Residents decry flooding in city's East End
Mayor Luke Ravenstahl, left, listens as Elizabeth Beroes of Shadyside talks about 8 feet of water that flooded her basement in 2009. The community hearing on East End flooding was held Tuesday at Winchester Thurston School in Shadyside.
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They came from East Liberty, Homewood, Oakland, Shadyside and Squirrel Hill with variations of the same story -- chronic flooding that's rotted their walls, ruined their carpets, set their cars afloat and cost thousands of dollars in repairs.
About 300 people turned out Tuesday night for a community hearing on flooding, an issue that's gripped the city since heavy rains Aug. 19 damaged the East End again and triggered a flash flood on Washington Boulevard in Highland Park that killed four people. About 50 residents -- some angry, others sad and pleading for help -- went to the microphone to share nightmares about sewage and stormwater.
Elizabeth Beroes of Shadyside said a 2009 flood put 8 feet of water in her basement, lifted the cars in her garage and slammed them against the walls.
"We're on our second round of furnaces, our second round of hot water heaters," she said.
Richard Rattner, president of the Shadyside Chamber of Commerce, said flooding in recent years has caused $5 million in damage to 72 neighborhood businesses.
Mike Bane of Highland Park said he's had to deal with three floods in the six months he has owned his home, while Julie McCabe of Homewood said repeated flooding has caused more than $10,000 in damage to her home and left 2- to 3-inch pools to clean up each time.
Ted Melnyk, operations director for Eastminster Presbyterian Church in Shadyside, said floods this summer caused $150,000 in damage to about 6,000 square feet of finished space.
"It's all raw sewage. ... We're getting tired of cleaning it up," he said.
City Councilman Bill Peduto and a handful of community groups organized the hearing at Winchester Thurston School in Shadyside. Among those attending were Mayor Luke Ravenstahl, Public Safety Director Michael Huss, Public Works Director Rob Kaczorowski, executives of the Pittsburgh Water and Sewer Authority, state legislators and city council members.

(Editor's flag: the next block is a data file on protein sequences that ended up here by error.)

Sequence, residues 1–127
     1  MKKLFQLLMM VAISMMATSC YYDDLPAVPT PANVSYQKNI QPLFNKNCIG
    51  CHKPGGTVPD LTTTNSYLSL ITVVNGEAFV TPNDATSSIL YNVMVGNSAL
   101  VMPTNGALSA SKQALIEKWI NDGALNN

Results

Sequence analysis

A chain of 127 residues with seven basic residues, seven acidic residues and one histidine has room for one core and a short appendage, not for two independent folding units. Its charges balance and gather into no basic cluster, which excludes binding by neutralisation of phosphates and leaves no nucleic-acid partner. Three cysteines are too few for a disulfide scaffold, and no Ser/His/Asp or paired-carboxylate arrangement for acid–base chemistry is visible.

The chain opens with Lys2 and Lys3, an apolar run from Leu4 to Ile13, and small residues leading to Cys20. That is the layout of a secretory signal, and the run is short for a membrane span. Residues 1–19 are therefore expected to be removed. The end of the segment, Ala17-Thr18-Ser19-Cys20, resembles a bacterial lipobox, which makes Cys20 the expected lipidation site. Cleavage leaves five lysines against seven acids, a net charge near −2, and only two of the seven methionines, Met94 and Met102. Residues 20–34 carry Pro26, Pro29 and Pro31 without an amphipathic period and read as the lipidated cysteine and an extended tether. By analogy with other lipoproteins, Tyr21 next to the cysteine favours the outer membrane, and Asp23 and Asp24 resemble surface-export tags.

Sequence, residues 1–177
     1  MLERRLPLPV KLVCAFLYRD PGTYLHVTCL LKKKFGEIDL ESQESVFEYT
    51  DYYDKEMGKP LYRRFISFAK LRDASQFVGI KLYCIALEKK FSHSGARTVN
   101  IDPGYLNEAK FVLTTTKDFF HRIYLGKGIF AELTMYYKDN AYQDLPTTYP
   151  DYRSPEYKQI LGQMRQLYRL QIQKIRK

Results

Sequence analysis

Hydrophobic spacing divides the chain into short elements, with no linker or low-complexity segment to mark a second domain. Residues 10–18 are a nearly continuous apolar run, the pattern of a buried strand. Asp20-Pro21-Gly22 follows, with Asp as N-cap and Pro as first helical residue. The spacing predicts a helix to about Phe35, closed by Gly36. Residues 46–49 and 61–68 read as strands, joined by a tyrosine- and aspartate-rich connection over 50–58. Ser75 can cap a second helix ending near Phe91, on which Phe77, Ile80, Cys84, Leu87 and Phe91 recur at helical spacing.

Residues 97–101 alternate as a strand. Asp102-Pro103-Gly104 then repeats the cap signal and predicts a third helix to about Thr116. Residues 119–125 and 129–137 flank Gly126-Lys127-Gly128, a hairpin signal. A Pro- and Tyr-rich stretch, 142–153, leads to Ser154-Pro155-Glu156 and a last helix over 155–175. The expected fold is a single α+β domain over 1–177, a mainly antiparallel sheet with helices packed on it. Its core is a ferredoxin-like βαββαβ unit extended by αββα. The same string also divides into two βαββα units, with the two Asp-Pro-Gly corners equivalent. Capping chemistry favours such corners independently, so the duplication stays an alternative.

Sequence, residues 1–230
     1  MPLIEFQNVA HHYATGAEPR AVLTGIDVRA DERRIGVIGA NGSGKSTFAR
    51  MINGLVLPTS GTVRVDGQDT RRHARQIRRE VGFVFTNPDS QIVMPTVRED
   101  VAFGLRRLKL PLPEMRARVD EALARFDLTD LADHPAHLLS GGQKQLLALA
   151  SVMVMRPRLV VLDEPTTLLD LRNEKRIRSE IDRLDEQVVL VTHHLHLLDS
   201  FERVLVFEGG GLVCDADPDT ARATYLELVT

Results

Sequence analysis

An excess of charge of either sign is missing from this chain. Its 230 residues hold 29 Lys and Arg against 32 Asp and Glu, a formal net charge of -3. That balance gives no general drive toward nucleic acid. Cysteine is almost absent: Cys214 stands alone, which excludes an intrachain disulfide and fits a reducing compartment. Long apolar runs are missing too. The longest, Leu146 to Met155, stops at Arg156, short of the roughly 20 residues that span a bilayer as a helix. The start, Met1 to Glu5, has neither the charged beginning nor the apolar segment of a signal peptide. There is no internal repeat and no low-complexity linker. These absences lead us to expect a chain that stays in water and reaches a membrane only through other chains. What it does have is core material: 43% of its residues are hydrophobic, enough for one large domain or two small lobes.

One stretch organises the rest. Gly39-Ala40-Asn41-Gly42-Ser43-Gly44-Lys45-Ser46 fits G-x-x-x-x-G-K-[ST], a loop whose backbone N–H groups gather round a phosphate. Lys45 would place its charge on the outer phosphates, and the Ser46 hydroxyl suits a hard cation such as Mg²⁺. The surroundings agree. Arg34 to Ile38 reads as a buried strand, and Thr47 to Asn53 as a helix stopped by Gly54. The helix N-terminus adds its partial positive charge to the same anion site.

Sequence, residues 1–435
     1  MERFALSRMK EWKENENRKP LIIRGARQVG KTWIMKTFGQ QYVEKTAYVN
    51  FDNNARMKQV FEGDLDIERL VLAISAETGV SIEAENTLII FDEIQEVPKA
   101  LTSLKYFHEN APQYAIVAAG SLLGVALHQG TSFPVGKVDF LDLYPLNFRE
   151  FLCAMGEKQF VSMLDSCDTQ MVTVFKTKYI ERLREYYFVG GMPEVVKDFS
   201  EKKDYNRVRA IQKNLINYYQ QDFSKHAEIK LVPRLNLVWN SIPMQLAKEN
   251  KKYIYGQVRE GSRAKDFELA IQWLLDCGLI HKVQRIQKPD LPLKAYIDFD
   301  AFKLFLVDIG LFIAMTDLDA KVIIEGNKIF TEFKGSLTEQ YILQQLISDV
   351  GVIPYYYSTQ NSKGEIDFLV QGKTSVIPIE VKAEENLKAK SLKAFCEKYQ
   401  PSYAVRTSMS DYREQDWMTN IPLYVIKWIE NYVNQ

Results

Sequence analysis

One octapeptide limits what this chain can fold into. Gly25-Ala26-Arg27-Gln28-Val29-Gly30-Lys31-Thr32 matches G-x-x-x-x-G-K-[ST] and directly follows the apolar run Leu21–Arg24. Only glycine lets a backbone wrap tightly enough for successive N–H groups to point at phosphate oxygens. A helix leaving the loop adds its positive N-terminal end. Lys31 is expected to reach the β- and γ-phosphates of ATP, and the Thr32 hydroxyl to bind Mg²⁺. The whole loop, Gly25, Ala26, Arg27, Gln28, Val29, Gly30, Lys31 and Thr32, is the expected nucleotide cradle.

Officials say they're trying to pinpoint the causes of the Washington Boulevard disaster and determine why other parts of the city are subject to repeated flooding, but speakers offered a few ideas of their own, including too much commercial development, malfunctioning catch basins and a storm water management system that isn't designed to meet the city's current needs.
Mr. Ravenstahl said the city is still working on plans to increase public safety in flood-prone Washington Boulevard.
The immediate response has been to station police on the road with orders to close it if water starts to rise. Mr. Ravenstahl said a medium-term solution may be to install gates that would be lowered during heavy rains.
A long-term engineering solution also is under discussion, he said, adding that the speakers' stories underscored the need to address broader drainage problems in eastern neighborhoods. He told the crowd that he's committed to finding solutions.
Speakers said they were concerned that repeated flooding had brought bacteria into their homes or damaged them to the point that they're unsalable. The hearing drew a handful of homeowners from Maryland Avenue, a part of Shadyside notorious for flooding.
One Maryland Avenue resident, Rochelle Solomon, said the muck from 25 years of flooding makes her feel like she has a "Third World country in my basement." Another, Chris Kouklis, said neighbors often commiserate about the damage.
"It would be nice to bond with them over a beer or glass of wine and not over sewage," he said.
First Published September 7, 2011 12:00 am